Disinfection with Chloramine
Frequently Asked Questions
What is chloramination?
Chloramination is the process of adding chloramine to drinking water to disinfect it and kill germs. Chloramination is sometimes used as an alternative to chlorination. Chloramines are a group of chemical compounds that contain chlorine and ammonia. The particular type of chloramine used in drinking water disinfection is called monochloramine. Monochloramine is mixed into water in levels that kill germs but are still safe to drink 1.
Monochloramine is a different chemical from dichloramine and trichloramine, which are chloramines formed by other complex chemical reactions. Dichloramine and trichloramine are chloramine compounds sometimes found in and around indoor swimming pools, which cause skin, eye, and respiratory problems 2, 3. These chemicals are not usually linked to drinking water.
Is chloramine treatment new?
Chloramine has been used as a drinking water disinfectant in the U.S. in places like Cleveland, Ohio, Springfield, Illinois, and Lansing, Michigan since 1929 2. In 1998, an EPA survey estimated 68 million Americans were drinking water disinfected with chloramine 1. Several major U.S. cities such as Philadelphia, San Francisco, Tampa Bay, and Washington, D.C. use chloramine to disinfect drinking water 4. Chloramine is recognized as a safe disinfectant and a good alternative to chlorine 5.
Are there any health issues associated with chloramine?
Safe drinking water
Current studies indicate that using or drinking water with small amounts of chloramine does not cause harmful health effects 6. These studies reported no observed health effects from drinking water with chloramine levels of less than 50 mg/L in drinking water 7. A normal level for drinking water disinfection can range from 1.0 to 4.0 mg/L 8.
Your water company monitors water quality regularly to provide you with safe drinking water. Some people are more sensitive than others to chemicals and changes in their environment. Individuals who have health concerns should seek medical advice from their healthcare provider before contacting their local health department.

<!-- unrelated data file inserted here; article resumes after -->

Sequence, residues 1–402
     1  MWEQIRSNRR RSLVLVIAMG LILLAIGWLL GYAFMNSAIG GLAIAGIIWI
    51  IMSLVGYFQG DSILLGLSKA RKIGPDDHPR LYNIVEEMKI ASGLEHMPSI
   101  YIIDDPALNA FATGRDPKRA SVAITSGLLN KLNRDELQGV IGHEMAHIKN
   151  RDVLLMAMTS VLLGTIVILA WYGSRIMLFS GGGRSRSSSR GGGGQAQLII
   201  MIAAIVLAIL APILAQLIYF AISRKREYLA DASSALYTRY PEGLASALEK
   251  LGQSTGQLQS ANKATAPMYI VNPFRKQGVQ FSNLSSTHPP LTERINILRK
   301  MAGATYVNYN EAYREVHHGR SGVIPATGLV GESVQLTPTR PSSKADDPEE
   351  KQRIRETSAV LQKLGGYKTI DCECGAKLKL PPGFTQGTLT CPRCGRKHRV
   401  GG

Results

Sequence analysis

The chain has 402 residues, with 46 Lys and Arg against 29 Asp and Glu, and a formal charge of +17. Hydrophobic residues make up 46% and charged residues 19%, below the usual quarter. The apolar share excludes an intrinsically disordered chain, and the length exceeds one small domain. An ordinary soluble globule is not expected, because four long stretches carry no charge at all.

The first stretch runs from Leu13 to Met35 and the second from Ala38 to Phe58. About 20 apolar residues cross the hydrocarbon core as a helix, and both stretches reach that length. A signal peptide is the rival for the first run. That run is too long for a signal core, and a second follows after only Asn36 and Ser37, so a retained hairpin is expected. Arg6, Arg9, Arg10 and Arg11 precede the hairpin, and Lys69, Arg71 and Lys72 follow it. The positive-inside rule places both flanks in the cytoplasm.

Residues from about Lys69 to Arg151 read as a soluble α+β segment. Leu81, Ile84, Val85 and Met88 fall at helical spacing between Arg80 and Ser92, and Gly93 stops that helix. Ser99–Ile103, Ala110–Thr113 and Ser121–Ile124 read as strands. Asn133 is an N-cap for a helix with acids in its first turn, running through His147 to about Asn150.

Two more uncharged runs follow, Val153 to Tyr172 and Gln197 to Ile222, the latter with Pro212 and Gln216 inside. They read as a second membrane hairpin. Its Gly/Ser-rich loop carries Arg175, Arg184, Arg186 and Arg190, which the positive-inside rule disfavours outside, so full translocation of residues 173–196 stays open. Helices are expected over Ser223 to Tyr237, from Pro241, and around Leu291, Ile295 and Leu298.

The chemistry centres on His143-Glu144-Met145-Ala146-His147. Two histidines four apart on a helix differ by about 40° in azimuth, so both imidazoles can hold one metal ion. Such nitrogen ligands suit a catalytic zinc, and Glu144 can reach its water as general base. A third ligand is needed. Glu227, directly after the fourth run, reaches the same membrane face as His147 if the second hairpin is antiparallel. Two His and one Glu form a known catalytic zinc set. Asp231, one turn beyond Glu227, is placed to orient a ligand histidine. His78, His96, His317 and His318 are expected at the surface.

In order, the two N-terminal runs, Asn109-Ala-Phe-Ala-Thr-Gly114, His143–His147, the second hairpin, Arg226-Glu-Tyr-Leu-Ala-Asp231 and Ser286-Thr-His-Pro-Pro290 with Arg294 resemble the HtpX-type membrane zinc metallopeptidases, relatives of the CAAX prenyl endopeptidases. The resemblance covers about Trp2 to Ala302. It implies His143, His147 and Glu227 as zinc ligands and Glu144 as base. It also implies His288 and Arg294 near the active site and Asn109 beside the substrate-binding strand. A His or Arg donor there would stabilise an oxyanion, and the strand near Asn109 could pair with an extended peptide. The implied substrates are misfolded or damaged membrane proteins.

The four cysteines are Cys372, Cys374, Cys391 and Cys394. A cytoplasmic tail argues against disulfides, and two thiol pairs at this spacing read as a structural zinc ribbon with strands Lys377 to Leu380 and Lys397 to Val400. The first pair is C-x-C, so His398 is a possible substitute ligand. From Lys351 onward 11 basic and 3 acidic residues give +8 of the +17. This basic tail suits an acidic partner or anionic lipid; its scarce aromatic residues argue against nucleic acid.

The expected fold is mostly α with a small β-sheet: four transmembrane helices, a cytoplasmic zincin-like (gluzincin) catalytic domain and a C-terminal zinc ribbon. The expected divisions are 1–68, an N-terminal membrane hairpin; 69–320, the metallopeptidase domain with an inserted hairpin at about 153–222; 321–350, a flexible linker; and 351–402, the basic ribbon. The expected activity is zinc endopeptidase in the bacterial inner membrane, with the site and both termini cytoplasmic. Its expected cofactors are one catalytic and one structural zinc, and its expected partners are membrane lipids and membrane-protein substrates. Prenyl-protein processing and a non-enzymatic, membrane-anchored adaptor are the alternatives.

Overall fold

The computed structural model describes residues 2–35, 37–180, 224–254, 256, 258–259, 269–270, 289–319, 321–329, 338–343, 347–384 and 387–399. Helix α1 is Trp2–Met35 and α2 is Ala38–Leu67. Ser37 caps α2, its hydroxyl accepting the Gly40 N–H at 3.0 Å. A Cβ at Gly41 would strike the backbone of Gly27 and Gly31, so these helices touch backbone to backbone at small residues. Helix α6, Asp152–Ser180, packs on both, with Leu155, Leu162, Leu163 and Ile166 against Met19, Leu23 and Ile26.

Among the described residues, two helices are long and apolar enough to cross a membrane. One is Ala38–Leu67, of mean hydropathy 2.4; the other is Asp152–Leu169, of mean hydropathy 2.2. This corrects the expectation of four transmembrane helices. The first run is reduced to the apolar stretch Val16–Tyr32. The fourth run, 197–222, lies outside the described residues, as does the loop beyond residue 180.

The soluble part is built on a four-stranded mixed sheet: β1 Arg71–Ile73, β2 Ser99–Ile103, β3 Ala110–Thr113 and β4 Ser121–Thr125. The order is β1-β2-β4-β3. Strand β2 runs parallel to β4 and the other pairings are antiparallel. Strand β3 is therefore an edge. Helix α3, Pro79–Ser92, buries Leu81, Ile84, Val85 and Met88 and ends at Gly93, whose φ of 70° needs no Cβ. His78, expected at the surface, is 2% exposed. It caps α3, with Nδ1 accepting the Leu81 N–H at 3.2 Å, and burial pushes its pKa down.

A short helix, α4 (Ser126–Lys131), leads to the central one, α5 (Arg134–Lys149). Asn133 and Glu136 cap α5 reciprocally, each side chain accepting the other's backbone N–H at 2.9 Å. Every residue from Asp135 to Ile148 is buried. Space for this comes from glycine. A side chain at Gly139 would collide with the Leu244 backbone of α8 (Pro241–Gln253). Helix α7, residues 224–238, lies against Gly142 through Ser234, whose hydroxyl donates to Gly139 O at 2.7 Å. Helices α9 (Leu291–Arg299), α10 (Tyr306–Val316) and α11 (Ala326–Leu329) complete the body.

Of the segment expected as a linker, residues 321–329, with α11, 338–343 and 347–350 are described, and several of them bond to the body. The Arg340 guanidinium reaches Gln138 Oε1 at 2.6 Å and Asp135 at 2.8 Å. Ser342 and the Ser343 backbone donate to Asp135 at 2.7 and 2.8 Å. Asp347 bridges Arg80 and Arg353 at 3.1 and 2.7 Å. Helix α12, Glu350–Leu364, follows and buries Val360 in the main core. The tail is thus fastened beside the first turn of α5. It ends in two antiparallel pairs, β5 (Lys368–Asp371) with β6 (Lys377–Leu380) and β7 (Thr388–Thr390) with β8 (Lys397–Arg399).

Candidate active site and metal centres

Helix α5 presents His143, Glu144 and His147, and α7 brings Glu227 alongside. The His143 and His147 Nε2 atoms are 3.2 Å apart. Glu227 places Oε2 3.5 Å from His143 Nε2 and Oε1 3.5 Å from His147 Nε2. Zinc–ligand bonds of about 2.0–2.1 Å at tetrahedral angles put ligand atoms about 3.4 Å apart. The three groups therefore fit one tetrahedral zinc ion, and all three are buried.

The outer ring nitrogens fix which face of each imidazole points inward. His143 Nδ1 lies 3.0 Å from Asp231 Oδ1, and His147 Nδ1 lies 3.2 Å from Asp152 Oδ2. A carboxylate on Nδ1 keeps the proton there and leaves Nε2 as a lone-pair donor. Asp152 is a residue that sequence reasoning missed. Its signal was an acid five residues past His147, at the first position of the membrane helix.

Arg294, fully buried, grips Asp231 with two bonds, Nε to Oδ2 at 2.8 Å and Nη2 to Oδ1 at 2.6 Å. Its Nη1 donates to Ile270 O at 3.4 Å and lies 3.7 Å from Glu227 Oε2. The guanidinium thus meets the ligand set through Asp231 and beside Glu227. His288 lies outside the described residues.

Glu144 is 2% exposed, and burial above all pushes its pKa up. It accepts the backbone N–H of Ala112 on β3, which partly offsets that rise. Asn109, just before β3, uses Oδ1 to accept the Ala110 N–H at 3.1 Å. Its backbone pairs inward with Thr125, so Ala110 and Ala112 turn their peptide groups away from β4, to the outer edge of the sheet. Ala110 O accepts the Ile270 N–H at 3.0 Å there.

During dialysis, large amounts of water are used to clean waste products out of a patient’s blood. Dialysis centers must treat the water to remove all chemical disinfectants, including chlorine and chloramine, before the water can be used for dialysis. Home dialysis users should consult the machine manufacturer for instructions on how to properly treat their water before use 2.
Dichloramine and Trichloramine
Skin, eye, and respiratory problems have been linked to dichloramine and trichloramine exposure in relation to indoor swimming pools and hot tubs. However, dichloramine and trichloramine are typically not an issue in treated drinking water, which uses monochloramine, because utilities carefully monitor the water quality 2, 3.
What are safe levels of chloramine?
Chloramine levels up to 4 milligrams per liter (mg/L) or 4 parts per million (ppm) are considered safe in drinking water. At these levels, no harmful health effects are likely to occur 5.
Why is my water provider switching from chlorine to chloramine disinfection?
The U.S. Environmental Protection Agency (EPA) allows drinking water treatment plants to use chloramine and chlorine to disinfect drinking water 2. Research shows that chloramine and chlorine both have benefits and drawbacks.